The Mechanics of Death in Scripted Television! by Joseph Mallozzi
[WARNING: This blog entry contains spoilers for shows you really should have already watched by now].
I came across the following article this morning: ‘Walking Dead’ finale: If Daryl dies, we riot. This, of course, is a reference to television’s most beloved redneck, Daryl Dixon (Norman Reedus), who fans fear may well meet his untimely end on this Sunday’s mid-season finale of The Walking Dead. After all, cable’s hottest show has proven it isn’t afraid to kill off their series regulars. Remember Sophia? Dale? T-Dog? Lori? Merle? Andrea? Hell, television in general has a rich history of dealing out shocking and unexpected deaths. From MASH’s Lieutenant Colonel Henry Blake to, most recently, Brian Griffin on Family Guy, it would seem that no one is safe. Not even a martini-swilling cartoon dog.
Or so they would have us believe, but the truth is some are safer than others. Most notably series leads, regulars under contract, fan and/or writer/producer favorites - their mortality rate tends to be a hell of a lot lower than the going average. Still, IMPROBABLE doesn’t mean IMPOSSIBLE and, occasionally, even the unlikeliest of characters fall to the grim reaper’s scythe (a.k.a. writer’s laptop). It all depends on the circumstances.
And what ARE some of these circumstances? Well, I’m glad you asked. Forget heart disease and car accidents. Here are the leading causes of death in t.v. characters…
THE STORY CALLS FOR IT
Back in Stargate: SG-1’s seventh season, Executive Producer Robert Cooper wanted to write a script that drove home the constant dangers our characters faced in the course of fulfilling their duties. It was to be an episode that demonstrated the fickleness of death and paid tribute to the fallen - but, in order to be truly effective, it required a little something more. It required one of our established characters to die - not while facing down alien hordes or executing some daring op but after being struck by something so seemingly random and inconsequential as an errant staff blast. And the fact that it turned out to be Janet Fraiser, Stargate’s longtime Chief Medical Officer, dying while saving another life, made it all that more poignant. Years later another doctor on another Stargate show met a similar fate for much the same reason. And Carson Beckett’s demise was just as surprising and heartbreaking.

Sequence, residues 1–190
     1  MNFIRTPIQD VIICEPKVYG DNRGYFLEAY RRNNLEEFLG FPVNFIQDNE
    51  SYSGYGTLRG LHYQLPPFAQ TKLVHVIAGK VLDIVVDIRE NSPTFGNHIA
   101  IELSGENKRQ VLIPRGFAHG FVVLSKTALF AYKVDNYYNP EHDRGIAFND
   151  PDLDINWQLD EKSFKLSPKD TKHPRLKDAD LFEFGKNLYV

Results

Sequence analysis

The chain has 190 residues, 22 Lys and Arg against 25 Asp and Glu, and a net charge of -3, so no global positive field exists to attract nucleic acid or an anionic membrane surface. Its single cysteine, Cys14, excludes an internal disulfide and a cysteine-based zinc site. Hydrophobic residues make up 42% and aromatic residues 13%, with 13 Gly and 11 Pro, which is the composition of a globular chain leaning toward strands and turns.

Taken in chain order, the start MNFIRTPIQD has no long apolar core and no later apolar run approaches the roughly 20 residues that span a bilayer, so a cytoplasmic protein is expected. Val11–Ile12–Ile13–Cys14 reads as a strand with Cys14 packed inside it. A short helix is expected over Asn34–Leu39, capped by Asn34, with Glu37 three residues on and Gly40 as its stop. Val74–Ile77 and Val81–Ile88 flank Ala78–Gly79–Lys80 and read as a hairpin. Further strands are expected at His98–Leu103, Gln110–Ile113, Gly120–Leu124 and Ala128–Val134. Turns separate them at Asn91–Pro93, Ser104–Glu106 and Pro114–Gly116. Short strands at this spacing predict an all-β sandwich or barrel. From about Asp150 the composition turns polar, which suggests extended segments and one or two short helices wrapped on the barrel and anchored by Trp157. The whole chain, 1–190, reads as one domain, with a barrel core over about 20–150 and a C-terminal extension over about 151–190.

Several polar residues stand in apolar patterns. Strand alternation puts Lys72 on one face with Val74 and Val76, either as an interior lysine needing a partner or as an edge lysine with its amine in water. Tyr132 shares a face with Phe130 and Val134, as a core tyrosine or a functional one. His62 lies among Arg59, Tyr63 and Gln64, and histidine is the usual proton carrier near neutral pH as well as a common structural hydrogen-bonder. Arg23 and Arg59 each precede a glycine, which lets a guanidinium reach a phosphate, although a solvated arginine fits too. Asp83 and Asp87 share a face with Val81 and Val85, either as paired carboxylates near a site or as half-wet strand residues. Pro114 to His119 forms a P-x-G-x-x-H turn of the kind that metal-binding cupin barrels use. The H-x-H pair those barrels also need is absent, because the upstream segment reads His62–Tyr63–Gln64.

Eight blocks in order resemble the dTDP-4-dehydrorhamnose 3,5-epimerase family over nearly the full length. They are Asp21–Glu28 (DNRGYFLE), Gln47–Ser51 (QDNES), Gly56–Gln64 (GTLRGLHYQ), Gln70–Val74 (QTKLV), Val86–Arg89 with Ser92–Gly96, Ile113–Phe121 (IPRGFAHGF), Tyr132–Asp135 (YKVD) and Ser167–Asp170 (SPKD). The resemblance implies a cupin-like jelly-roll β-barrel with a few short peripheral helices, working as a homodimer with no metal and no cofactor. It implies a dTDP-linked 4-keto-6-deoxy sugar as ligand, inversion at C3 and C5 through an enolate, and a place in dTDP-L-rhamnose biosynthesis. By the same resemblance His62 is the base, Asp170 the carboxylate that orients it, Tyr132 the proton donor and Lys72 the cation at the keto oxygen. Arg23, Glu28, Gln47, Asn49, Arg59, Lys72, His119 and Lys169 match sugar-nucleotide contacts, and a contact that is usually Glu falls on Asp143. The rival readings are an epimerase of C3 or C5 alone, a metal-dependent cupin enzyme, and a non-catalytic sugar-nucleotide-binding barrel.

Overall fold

THE CHARACTER’S ARC HAS ENDED
This usually applies to secondary characters and villains. Sometimes, a character is created with a finite arc in mind and is ushered out when the writer feels their story has been told. Other times, characters simply overstay their welcome like bad party guests and end up getting deep-sixed long past their natural expiration date. As much as I loved the villainous goa’uld, I felt they’d fallen into the latter category by the end of SG-1’s eighth season. Breaking Bad’s Jesse Pinkman falls into the former category of course. Wait! What?! Yes, it’s true. The original plan was to kill off Jesse Pinkman at the end of the show’s first season, but Aaron Paul so impressed that the character was granted an extended reprieve. In similar fashion, Stargate: Universe’s Dale Volker also avoided certain death. On the other hand…
IT JUST DOESN’T WORK OUT
On the flip side are those characters for whom great plans are made, great hopes pinned but who, for whatever reason, fail to live up to their potential. They are introduced, usually with much fanfare, only to exit with barely a whimper.
THE ACTOR/ACTRESS HAS DECIDED TO MOVE ON
It happens. The decision is made on the part of the actor to leave the show. Amicable creative discussions ensue culminating in a fitting onscreen death. Dr. Daniel Jackson received a heroic send-off in SG-1’s Meridian, one that never fails to tug at the heart strings on subsequent viewings. Of course the sadness is mitigated by the knowledge that, like South Park, science fiction always leaves the door open for miraculous resurrections.
AN UNEXPECTED PASSING
The worst of all possible circumstances. If the show continues, production will honor to their late cast member with a respectful send-off and tribute.
Personality conflicts, unprofessional behavior, poor performance, a bad attitude - just some of the things that can book someone a one-way ticket on the character death express.
THE END IS NEAR!
Here, the writers are operating under the assumption that the show is ending and so, decide to go out with a bang. And there’s no bang bigger than a character death. Or two. Or more. Hello, Blake’s 7. The belief that the seventh season would be SG-1’s last made the decision to kill off Janet Fraiser somewhat easier. If we had known we’d actually be coming back for another season, I’m not so sure things would have played out quite the same way.
A DESIRE TO SHAKE THINGS UP
Ratings are floundering. The show’s creative is in a funk. Quick! Do something! Historically, television producers have generally responded in one of two ways: a) They add a cute kid to cast, or b) They kill off an established character. Given the choice, I’d go with the latter.
So, with a better understanding of the mechanics of death in scripted television, we can now appreciate the mortality of every t.v. character, from series lead to red-shirted day player.
Could they actually kill off Daryl on tomorrow night’s episode of The Walking Dead?
Not a chance.